The fixed-charges coverage ratio is one of several leverage ratios can be used in QuickBooks 2013. The fixed-charges coverage ratio resembles the times interest earned ratio. The fixed-charges coverage ratio calculates how easily a firm pays not only its interest expenses, but also any principal payments on loans and any other obligations for which a firm is legally obligated to pay.

The fixed-charges coverage ratio uses the following formula:

`income available for fixed charges/fixed charges`

Check out the balance sheet shown and the income statement shown.

 Assets Cash \$25,000 Inventory 25,000 Current assets \$50,000 Fixed assets (net) 270,000 Total assets \$320,000 Liabilities Accounts payable \$20,000 Loan payable 100,000 Owner’s equity S. Nelson, capital 200,000 Total liabilities and owner’s equity \$320,000
 Sales revenue \$150,000 Less: Cost of goods sold 30,000 Gross margin \$120,000 Rent 5,000 Wages 50,000 Supplies 5,000 Total operating expenses 60,000 Operating income 60,000 Interest expense (10,000) Net income \$50,000

Suppose that the \$5,000 of rent shown in the income statement is actually a fixed charge because the firm is renting space on a long-term lease. Further suppose that for the purpose of this ratio, although it doesn’t show up on the income statement, the \$100,000 loan that shows up on the balance sheet requires an annual \$5,000 in principal payments.

In this case, this firm is obligated to pay fixed charges as summarized. In total, then, fixed charges for this firm equal \$20,000 a year.

 Interest \$10,000 Rent 5,000 Principal 5,000 Fixed charges \$20,000

The other input needed to calculate the fixed-charges coverage ratio is the income available for these fixed charges. The following shows you how to calculate the income available for fixed charges.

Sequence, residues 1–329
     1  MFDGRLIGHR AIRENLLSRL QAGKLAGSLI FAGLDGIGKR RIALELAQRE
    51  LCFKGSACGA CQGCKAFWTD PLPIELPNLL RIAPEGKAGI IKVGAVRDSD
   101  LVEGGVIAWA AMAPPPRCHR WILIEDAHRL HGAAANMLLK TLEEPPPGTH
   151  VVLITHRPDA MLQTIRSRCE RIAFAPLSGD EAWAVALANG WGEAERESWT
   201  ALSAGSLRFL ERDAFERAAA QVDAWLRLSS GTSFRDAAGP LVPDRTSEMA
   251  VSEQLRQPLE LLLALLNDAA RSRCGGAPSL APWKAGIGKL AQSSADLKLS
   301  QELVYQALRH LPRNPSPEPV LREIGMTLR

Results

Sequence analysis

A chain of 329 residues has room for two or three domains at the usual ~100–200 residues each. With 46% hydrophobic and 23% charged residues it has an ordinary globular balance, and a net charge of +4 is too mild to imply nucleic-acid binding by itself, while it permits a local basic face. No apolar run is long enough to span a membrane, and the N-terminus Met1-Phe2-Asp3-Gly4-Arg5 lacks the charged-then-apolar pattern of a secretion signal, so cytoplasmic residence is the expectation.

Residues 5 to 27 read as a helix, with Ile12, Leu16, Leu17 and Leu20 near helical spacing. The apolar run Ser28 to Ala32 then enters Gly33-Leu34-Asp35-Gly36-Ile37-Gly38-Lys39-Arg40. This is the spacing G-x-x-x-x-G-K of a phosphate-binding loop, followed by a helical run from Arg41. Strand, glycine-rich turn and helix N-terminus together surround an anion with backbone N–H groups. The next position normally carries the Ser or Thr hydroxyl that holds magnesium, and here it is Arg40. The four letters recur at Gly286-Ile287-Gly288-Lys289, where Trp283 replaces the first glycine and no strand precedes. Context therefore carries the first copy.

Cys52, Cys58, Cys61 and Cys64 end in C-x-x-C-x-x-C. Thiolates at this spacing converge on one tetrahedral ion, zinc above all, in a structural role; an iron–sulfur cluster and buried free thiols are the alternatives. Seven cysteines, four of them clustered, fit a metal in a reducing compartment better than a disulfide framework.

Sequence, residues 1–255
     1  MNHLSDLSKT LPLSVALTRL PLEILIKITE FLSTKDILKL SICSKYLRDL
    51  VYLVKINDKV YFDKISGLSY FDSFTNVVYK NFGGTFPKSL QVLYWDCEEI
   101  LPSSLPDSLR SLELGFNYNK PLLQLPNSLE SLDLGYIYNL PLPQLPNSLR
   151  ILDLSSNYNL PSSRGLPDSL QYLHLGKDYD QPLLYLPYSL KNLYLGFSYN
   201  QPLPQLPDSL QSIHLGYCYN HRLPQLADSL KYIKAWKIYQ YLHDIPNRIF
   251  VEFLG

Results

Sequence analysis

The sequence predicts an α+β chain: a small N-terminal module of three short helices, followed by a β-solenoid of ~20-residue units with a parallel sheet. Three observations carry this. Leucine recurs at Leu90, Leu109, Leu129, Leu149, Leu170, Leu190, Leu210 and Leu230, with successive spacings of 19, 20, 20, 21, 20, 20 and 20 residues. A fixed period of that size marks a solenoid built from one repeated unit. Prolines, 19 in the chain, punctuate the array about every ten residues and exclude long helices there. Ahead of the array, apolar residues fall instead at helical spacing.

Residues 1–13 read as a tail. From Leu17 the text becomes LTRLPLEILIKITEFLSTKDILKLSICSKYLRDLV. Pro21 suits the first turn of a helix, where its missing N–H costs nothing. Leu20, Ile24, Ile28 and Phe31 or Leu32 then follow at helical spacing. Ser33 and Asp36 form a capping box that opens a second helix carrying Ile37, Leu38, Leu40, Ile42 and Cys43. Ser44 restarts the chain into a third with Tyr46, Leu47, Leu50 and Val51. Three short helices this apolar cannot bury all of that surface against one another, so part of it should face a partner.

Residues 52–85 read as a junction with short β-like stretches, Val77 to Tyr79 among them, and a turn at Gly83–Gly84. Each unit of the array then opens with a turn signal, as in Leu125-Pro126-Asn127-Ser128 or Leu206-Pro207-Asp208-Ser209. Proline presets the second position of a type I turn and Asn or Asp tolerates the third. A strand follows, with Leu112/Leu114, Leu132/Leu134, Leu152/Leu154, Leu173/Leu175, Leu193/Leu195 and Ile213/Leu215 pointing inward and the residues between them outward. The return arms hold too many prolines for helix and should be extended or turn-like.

Operating income \$60,000 Add-back of rent 5,000 Fixed charges \$65,000

You start with the operating income, which equals \$60,000. (Remember that the operating income is the income before paying interest expense.) You must add to the operating income any fixed charges included in the income statement.

In this case, the rent turns out to be a fixed charge. Therefore, the \$5,000 of rent needs to be added to the operating income in order to get income available for fixed charges. The income available for fixed charges equals \$65,000.

With the two needed inputs, you can calculate the fixed-charges coverage ratio by using this formula:

`\$65,000/\$20,000`

This formula returns a fixed-charges coverage ratio of 3.25, which indicates that the firm generates slightly more than three times as much income as needed to pay its fixed charges.

No guideline exists to specify what your fixed-charges coverage ratio should be. In fact, it is particularly difficult to get the information necessary to think about fixed-charge coverage ratios because fixed charges don’t clearly appear in the standard set of simple financial statements.

One of the things that make financial statements (that are prepared in accordance with generally accepted accounting principles) so useful is that the fixed-charges information is usually disclosed in little footnotes that appear at the end of the financial statements.